Mexican food is generally synonymous with tacos, burritos, churros, and the like. There’s a kernel of truth to that association, but the reality is that like other nuanced and beautiful ethnic cuisines, Mexican cuisine has been bastardized and adapted to the (North) American palate in a way that gets, at times, pretty far away from the real thing.
Not that there’s anything wrong with that but…
General Tao’s chicken is not a real Chinese dish, fettuccine alfredo is more American than Italian, and most anywhere you would go for tacos in North America would bear little resemblance to a taco you would get on the street in Oaxaca. Mexican restaurants in Windsor – and most of Detroit – have generally been no exception.
Until I stumbled upon The Three Amigos, on the corner of Tecumseh and Jefferson. The place is an imperfect but huge step in the right direction for Mexican food in Windsor.
The tacos immediately establish themselves as pretty close to the real thing. The Mexican style taco is served on a double-wrapped, small corn tortilla (step one), doesn’t have any cheese, (step two), generally being served with onion, cilantro, a lime wedge, and your choice of meat only (step three). A real taco is built around its simplicity and is supposed to showcase the Mexican style meat, primarily, and the house-pressed tortilla secondarily. The tortillas are satisfactory but the meat is damn good. I highly recommend the carnitas (fried pork), and the lengue, (beef tongue).
I would describe beef tongue as a Mexican counterpart to shawarma, with a similar soft, chewy, salty, and savoury flavor. This is a good time to mention another common misconception regarding Mexican food – ground beef is not a thing in reality. Tacos or burritos outside of Mexico seem to exist solely around ground beef, which in reality isn’t a present item in Mexican cuisine, although it is decadent and delicious. Pork is animal of choice in Mexican cuisine, whether it’s fried as carnitas or roasted as al pastor.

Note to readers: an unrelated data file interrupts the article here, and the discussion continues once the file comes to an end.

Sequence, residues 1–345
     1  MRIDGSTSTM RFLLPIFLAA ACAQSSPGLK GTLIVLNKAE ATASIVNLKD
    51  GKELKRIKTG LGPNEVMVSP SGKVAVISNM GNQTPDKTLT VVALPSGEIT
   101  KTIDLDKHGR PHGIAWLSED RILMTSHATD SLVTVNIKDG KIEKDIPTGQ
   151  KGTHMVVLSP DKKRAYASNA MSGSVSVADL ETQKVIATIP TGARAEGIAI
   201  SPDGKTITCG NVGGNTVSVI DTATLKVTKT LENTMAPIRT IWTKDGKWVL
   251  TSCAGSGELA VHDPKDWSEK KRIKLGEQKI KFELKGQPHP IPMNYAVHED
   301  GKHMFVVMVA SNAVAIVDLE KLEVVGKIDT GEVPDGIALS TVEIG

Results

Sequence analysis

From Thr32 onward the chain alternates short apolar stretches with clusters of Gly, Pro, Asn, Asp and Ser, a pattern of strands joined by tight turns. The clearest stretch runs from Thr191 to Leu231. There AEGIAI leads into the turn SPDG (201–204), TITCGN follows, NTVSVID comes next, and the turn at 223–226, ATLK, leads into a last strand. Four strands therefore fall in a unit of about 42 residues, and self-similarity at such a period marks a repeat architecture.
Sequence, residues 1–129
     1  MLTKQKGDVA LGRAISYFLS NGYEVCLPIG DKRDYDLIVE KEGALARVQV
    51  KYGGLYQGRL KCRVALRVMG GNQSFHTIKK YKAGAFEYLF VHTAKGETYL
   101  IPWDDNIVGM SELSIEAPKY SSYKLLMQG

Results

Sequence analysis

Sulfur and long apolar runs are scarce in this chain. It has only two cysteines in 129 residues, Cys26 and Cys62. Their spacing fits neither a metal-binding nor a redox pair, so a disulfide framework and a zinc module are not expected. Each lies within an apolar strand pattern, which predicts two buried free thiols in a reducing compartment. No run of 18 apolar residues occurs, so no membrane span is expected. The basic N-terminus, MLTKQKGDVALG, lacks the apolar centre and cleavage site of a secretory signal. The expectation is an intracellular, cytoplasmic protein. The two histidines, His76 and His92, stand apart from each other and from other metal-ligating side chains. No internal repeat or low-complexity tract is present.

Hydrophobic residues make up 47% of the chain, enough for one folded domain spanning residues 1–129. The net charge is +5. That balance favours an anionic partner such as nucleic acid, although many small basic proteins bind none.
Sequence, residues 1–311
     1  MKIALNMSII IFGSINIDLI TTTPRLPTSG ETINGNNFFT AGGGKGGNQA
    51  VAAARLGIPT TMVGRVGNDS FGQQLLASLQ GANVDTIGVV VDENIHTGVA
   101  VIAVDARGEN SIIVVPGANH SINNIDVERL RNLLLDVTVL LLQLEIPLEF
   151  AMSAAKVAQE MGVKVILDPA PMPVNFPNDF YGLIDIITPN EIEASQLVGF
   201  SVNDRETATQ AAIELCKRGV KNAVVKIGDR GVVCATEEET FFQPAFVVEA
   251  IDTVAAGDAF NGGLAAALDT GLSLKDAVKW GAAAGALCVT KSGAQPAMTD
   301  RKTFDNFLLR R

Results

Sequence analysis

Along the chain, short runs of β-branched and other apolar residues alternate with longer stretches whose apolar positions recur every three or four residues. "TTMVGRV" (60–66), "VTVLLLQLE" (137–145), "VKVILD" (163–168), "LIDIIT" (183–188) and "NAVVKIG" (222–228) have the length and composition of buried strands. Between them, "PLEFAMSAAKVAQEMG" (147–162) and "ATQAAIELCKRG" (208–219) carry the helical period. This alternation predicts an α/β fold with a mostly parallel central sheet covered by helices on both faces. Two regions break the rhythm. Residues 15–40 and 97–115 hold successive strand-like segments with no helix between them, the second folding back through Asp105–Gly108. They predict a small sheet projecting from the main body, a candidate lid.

Another amazing and traditional Mexican dish that doesn’t get the proper treatment it deserves is pozole. It’s a soup with a smoky, pepper-based broth that serves to accentuate braised pork shoulder. The pozole here, only available on Thursday, Friday, and Saturday, is pretty terrific. I would like a little more reduction in the broth for a richer flavour, and a little more smokiness, but the braised pork shoulder was generous in size and as tender as could be.
The Three Amigos still has Mexican food to appease greasier, more familiar cravings, as all tacos can be done “supreme style,” which adds sour cream and all the other fixings we’ve come to crave during our Old El Paso family taco nights. But what it does offer in authenticity balances that perfectly.
My biggest complaint is the lack of serious spice. I’m someone who’s consistently fascinated by spice components in different ethnic foods, and how we react to the differently to them, and Mexican spice is always the one I’ve loved and feared the most. The chili and habanero-based spice profiles are some of the most challenging for me to choke down, and I was looking forward to getting punched out by some white-hot sizzle here. It didn’t happen. I went through the usual motions of asking for the “extra” hot sauce, then asking for the hottest thing they have, and it was a huge letdown. I really anticipated something great and it didn’t happen. The flavour was nice but the heat level was low.
Naturally, I wish they served booze as well, as there’s something romantic to a cheap shot of tequila alongside a platter of Mexican tacos and unbearable spice, but I can forgive that. They have a neat selection of Mexican sodas instead, and the casual atmosphere and courteous service make you feel welcome.
I’ve written several times about Taqueria El Rey, my all-time favourite Mexican restaurant in Detroit, and perhaps the highest compliment I can pay Three Amigos is that it made me think of it. The same kitschy décor, tablecloths covered in plastic wrap, and fun music all help in facilitating Windsor’s best taco experience.